The Baseball Prospectus 2013 Top 101 Prospects, by Position, by Organization, and by Age
Yesterday, Jason Parks and the Baseball Prospectus prospect crew released our Top 101 Prospects of 2013, also newly available in printed form in the now-shipping Baseball Prospectus 2013 annual. The festivities were wild and raucous for all, perhaps tempered slightly for fans of the Chicago White Sox. Here is the Top 101 list displayed by position, by organization, and by prospect age. Enjoy!
Is there any hope that the Twins will be better than horrible this season?
First, let’s get this out of the way: The Minnesota Twins will probably be pretty bad, at best, this season. They lost a lot of games in 2011, and though many of the names and faces have changed, they’ll take the field in 2012 looking a lot like the same team. As a matter of sabermetric best practices, it’s probably a good idea to assume that they’ll lose a lot of games again. PECOTA and the depth charts currently see the Twins losing 91 games, in a two-way tie for the AL Central cellar and a three-way tie for last in the American League. That’s all very reasonable, and nothing you read here is going to dispute the notion that that’s exactly what’s most likely to happen.
What I’m wondering, though, is why it’s being treated as a foregone conclusion. Great analysts are dismissing the team without, well, analyzing. Our own departing-and-incoming managing editors—brilliant, insightful, and devastatingly handsome men, both—had things like this to say in their recent ALCentralpreview: “This team should trade any veterans not nailed down” … “they can’t compete” … “The Royals are about to leave the Twins in their dust” … “It’s going to stay bad before it gets better.” And they’re certainly not alone... they’re just the example I can find right now. On Twitter and elsewhere, the Twins have very quickly become a punch line. They’ve been written off completely.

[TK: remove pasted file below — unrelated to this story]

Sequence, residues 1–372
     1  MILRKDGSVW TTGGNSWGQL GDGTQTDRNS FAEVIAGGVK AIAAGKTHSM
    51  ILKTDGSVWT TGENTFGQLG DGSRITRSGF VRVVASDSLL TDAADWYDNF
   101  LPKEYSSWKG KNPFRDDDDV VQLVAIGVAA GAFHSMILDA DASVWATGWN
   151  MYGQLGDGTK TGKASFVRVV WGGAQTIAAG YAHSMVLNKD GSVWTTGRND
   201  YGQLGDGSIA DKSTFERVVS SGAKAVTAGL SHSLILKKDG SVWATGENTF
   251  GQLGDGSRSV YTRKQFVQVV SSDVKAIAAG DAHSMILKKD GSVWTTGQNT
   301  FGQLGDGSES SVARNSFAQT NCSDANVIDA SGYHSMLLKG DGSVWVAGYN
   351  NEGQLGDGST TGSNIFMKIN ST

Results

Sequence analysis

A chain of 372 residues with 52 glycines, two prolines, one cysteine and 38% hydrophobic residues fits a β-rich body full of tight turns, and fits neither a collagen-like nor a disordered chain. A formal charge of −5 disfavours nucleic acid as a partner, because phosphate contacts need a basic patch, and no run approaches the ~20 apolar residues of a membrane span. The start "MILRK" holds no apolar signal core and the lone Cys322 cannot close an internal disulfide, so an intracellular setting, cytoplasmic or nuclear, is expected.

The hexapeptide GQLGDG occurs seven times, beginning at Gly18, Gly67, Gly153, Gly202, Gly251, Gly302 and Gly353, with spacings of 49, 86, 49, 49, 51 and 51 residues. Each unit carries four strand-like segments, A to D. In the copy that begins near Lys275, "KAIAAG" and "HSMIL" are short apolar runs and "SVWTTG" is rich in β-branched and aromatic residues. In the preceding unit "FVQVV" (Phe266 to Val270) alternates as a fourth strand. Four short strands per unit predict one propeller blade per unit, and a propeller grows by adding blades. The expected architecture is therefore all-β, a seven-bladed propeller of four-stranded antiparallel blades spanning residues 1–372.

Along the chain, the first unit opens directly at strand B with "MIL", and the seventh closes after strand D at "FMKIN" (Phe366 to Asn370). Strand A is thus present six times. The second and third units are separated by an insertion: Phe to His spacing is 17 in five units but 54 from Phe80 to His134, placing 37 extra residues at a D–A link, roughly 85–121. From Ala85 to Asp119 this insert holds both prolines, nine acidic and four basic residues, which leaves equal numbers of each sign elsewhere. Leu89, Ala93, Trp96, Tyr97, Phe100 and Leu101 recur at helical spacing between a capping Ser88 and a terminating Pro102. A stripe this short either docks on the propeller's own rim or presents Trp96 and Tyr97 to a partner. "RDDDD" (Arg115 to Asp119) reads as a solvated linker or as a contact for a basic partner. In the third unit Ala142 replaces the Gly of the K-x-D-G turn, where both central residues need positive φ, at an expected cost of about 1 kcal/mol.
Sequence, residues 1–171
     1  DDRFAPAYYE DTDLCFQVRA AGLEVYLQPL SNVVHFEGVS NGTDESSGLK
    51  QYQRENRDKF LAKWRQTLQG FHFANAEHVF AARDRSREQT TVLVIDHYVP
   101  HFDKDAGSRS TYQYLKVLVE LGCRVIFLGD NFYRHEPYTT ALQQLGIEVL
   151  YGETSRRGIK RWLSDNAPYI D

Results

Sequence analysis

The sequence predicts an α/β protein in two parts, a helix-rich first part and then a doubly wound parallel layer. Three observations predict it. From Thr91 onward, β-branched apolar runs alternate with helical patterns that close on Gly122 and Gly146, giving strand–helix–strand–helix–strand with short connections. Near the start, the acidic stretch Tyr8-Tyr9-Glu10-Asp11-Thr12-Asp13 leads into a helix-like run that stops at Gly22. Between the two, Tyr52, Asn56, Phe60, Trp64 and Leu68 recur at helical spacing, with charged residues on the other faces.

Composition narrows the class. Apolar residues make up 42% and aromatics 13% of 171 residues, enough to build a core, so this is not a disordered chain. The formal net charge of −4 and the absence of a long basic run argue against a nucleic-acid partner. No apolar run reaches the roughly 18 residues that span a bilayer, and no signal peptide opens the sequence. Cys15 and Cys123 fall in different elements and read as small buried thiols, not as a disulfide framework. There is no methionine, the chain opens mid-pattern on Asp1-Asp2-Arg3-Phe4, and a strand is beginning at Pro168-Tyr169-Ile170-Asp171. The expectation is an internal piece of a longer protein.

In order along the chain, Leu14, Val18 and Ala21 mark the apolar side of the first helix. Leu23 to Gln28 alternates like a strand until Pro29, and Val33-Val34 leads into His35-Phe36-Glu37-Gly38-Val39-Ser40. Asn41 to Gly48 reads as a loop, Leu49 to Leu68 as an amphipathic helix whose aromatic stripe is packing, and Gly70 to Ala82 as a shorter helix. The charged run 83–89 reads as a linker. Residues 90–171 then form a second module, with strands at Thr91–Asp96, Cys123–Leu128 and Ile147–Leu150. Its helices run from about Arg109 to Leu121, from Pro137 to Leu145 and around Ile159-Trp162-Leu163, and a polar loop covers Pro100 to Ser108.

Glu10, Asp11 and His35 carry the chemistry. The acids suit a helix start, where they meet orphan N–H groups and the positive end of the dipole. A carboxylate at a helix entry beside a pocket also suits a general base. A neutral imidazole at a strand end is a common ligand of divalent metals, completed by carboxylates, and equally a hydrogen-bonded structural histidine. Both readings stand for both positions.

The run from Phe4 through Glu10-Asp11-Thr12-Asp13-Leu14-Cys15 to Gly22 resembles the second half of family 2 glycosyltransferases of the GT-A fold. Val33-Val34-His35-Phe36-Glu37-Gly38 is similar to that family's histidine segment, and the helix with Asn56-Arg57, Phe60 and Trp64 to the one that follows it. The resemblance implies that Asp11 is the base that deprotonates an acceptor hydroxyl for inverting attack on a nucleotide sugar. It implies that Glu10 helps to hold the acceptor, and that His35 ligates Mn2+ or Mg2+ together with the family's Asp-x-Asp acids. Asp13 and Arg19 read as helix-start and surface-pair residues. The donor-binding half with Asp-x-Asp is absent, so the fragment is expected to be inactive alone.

The Twins decide on a rotation, but did they make the wrong choice?
As Christina Kahrl noted yesterday, the Twins have decided on their Opening Day rotation, and it does not include Kevin Slowey. Instead, Nick Blackburn will bump Slowey into the bullpen or as trade bait for another reliever before the season begins. The Twins’ search for more bullpen help further confuses their decision to designate Pat Neshek for assignment rather than optioning him to Triple-A.
The Twins and Yankees meet yet again in the first round of the postseason but Minnesota has home field advantage this time.
As they did last year as well as 2003 and 2004, the Twins run squarely into the Yankee juggernaut in the first round. Unlike those other three meetings, they have home field advantage this time around, as they won the AL Central going away thanks to a league-best 48-26 second-half record. The defending world champion Yankees, who held the majors' best record for most of the season, were forced to settle for the wild card due to a sluggish 13-17 showing against a very tough schedule in September and October. Despite the relative temperatures of the two clubs, it's important to remember that late-season records aren't predictive of October success—or failure.